Preserving the Past Part 3: Post-Graduation Travels in the USA

Michael J. Vowles
12 min readAug 18, 2021

The intent of this little series has always been to reflect on my obsession with preserving the past, which I’ve always gone about in the same basic way: externalizing the memory in a physical form of some kind. Usually it’s something creative and crafty, but sometimes it’s just a simple keepsake from the period I want to preserve. These objects become more than just themselves. They become the embodiment of the time period they’re from.

In the first post, I wrote about the scrapbooks I made at the age of 11. In the second, I wrote about the photos I took at the age of 16. What interested me in retrospect is that both of these instances of obsessive record-keeping came just before periods of big transition in my life.

The first: it was 2004 and I was leaving Primary School.

The second: it was 2009 and I was leaving Secondary School.

In both cases I was fearful of imminent change and sentimental about the life I was leaving behind. When I finished college in 2011 and university in 2014, however, I didn’t feel this same urge to commemorate my time. I had no social life at either of these places, and so nothing that could be documented. The camera I’d taken so many pictures with during my last year of school remained unused after I left. College and university were not experiences I wanted to remember. Looking back at my 2004 scrapbook and my 2009 photos, it’s clear that my focus was on a sense of belonging. During my friendless years at college and university, I didn’t belong, and so when I transitioned out of them, I felt no sense of fear or nostalgia.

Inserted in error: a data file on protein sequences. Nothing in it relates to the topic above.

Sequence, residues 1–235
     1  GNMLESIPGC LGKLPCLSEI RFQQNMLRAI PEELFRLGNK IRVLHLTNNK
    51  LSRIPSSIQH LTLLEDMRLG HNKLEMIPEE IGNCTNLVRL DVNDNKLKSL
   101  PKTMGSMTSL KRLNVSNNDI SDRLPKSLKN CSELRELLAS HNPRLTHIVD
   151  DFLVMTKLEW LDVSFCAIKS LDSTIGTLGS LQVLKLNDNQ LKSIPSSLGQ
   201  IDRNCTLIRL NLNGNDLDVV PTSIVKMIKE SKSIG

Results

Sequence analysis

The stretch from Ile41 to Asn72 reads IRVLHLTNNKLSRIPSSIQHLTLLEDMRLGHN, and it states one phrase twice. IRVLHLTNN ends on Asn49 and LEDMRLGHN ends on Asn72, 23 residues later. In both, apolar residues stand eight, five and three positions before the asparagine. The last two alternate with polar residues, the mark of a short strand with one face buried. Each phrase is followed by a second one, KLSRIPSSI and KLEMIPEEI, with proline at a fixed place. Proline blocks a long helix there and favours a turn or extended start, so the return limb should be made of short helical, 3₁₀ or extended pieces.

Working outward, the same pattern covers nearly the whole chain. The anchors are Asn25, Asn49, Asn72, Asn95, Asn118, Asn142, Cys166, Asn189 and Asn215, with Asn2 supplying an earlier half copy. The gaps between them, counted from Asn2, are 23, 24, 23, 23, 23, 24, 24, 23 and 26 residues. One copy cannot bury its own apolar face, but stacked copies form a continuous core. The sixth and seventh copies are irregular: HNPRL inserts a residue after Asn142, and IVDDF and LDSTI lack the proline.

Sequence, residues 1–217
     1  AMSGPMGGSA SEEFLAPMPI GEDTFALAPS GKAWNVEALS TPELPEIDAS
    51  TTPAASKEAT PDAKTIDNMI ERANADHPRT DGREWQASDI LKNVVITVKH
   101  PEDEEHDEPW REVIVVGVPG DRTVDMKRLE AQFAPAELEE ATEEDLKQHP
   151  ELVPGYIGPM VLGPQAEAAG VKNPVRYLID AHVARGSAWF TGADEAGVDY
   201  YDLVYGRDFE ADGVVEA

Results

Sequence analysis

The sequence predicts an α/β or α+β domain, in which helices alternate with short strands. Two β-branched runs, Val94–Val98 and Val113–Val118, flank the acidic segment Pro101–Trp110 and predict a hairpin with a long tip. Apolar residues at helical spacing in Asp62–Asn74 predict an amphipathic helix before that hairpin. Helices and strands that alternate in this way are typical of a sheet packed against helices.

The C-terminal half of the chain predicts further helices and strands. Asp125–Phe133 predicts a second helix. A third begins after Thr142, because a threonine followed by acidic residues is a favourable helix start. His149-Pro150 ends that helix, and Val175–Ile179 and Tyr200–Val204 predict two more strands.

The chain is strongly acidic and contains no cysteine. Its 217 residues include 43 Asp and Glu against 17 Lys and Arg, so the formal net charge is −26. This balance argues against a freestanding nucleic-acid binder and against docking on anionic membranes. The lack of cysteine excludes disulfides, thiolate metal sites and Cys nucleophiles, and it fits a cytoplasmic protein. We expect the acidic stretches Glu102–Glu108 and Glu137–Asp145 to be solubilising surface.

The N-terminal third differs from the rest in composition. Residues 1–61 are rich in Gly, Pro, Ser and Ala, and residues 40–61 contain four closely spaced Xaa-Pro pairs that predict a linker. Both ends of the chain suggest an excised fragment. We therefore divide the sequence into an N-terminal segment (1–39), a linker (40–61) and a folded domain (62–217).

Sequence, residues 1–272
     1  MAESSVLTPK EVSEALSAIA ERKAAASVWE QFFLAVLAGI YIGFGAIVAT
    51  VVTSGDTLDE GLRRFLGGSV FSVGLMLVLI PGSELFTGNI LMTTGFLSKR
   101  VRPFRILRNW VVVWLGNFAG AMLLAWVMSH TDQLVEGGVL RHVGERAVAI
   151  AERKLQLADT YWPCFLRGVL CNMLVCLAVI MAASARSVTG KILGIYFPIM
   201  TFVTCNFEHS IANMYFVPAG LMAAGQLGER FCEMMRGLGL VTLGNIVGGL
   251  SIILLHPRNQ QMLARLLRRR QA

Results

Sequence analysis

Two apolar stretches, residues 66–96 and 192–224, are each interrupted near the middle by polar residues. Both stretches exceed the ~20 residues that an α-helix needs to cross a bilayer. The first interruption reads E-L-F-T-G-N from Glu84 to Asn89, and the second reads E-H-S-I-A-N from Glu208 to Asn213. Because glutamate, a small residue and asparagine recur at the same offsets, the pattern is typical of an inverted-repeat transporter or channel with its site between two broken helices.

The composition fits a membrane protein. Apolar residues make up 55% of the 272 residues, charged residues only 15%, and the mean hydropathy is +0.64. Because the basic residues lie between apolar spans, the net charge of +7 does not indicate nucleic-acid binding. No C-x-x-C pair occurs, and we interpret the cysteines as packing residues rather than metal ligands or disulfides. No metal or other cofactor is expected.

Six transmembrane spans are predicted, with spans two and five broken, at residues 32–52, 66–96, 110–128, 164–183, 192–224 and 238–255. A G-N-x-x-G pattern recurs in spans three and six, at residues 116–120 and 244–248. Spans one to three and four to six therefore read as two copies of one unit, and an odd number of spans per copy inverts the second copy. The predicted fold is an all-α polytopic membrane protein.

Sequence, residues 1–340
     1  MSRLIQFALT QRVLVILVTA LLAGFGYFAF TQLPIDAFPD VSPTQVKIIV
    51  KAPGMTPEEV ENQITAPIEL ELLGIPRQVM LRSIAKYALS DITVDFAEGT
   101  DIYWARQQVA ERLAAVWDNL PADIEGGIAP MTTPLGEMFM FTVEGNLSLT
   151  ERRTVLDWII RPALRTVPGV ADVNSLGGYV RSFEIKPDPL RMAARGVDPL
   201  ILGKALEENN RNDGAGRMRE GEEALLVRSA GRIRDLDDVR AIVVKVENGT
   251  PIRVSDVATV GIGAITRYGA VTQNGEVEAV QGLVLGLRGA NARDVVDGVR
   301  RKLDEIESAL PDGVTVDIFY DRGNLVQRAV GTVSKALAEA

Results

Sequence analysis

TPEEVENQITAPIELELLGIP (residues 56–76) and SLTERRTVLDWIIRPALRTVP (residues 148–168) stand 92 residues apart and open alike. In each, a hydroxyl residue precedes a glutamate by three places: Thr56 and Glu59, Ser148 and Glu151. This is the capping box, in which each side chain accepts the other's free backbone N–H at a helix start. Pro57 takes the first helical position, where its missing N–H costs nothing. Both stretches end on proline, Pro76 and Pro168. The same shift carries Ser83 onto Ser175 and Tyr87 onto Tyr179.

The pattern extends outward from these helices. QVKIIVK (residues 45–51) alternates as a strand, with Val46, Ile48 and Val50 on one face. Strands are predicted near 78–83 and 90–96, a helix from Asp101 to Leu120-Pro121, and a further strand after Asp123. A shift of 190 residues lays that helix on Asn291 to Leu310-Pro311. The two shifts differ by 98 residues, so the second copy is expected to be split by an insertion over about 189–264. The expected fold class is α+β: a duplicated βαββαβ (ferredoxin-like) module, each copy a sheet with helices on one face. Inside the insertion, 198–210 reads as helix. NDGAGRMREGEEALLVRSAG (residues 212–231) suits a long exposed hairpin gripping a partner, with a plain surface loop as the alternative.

After leaving Secondary School in 2009, my social life went into a deep decline. But I found a sense of belonging again when I started traveling to the United States, and almost instantly the desire to record things returned- starting with photos. In some ways it felt like I’d picked up right where I left off in 2009. I was eager to get photos of myself with my new friends while the opportunity was there, and just like I had at school, I became very shy and indecisive about asking for photos. I was a lot…

Michael J. Vowles

Freelance writer, occasional traveler, full-time ice cream taster. I run a blog at where I ramble with enthusiasm.